I think the low point was me in the courtyard of the mall trying to wrestle Denton under the nursing blanket when he peed out of his diaper, soaking both of our laps, while it simultaneously started raining and Lila darted out of the drugstore alone brandishing a roll of stolen Christmas wrapping paper like a triumphant warrior. (She’s been watching too much Mulan.) It is true what they say: the adjustment from one kid to two kids is nowhere near as earth shattering as the adjustment from zero kids to one. However, let’s be honest: it’s still an adjustment. Based on today I would say it’s one we’re still getting used to. The scene went down this afternoon in the open air courtyard of the Woolworths shopping mall in upscale Hout Bay, South Africa.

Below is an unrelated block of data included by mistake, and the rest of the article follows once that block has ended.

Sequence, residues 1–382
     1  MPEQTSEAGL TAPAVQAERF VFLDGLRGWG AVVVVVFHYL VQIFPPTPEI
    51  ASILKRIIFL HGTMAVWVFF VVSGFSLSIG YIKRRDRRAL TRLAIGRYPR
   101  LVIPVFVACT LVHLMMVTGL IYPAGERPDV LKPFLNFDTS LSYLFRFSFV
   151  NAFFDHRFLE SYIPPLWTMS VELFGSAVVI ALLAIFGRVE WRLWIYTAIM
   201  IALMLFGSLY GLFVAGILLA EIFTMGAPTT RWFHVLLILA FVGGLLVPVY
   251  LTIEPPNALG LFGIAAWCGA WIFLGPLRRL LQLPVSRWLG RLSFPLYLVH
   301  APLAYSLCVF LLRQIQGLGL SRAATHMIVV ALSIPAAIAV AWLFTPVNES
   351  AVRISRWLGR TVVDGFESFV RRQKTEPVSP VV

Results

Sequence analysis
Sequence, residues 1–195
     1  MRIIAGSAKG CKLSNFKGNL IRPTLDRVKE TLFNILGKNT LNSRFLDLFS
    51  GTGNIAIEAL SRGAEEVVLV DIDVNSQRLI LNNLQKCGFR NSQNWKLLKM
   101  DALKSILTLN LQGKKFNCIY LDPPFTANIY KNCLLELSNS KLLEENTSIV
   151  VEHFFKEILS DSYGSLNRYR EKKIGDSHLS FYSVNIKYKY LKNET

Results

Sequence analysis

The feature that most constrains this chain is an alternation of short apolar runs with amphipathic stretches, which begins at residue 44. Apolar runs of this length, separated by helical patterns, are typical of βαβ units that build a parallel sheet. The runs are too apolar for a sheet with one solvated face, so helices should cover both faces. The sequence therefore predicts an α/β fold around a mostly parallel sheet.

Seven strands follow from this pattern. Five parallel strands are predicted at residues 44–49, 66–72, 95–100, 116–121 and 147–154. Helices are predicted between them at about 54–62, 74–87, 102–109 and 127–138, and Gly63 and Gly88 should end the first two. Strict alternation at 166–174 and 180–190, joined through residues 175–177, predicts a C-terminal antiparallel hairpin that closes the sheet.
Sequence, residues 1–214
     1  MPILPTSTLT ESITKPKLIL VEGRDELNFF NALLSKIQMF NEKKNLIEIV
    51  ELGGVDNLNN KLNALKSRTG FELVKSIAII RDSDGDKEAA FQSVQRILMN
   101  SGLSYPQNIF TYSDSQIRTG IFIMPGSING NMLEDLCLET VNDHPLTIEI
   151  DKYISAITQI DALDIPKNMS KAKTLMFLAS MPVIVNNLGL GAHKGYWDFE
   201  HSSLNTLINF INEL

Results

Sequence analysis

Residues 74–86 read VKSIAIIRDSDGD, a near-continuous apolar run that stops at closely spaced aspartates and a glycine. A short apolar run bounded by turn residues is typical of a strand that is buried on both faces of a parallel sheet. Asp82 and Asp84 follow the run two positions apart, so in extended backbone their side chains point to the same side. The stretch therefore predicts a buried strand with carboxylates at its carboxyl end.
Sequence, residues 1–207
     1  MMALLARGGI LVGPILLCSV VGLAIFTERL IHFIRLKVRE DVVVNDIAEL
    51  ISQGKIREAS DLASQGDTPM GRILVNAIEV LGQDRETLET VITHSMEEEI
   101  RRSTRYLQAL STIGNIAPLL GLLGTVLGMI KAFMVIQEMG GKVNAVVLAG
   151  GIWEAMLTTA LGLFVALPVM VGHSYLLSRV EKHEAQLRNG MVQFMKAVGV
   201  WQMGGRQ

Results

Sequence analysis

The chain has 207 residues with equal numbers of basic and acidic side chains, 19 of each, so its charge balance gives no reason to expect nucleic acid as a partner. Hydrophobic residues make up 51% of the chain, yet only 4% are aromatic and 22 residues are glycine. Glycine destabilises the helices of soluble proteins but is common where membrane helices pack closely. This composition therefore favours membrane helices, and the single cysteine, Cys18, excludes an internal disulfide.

Work Permits & Waiting
In order to work in a foreign country, you generally need the permission of their government. This makes perfect sense but is one of those things you don’t think about until you find yourself in this particular situation. Botswana is a sparsely populated country (at barely over 2 million people), and it is fiercely protective of its own citizens, which translates into being a bit stingy when it comes to handing out work permits for expats. You have to demonstrate clearly that you possess a “special, valuable skill” that is not already readily available in the country, and that your job has already been advertised widely to give citizens a chance to nab it first. No work permit = no job, so the stakes are high, especially when you’ve already moved your whole family to Botswana at great personal expense and exhaustion of energy and you literally have no home to go to if they kick you out.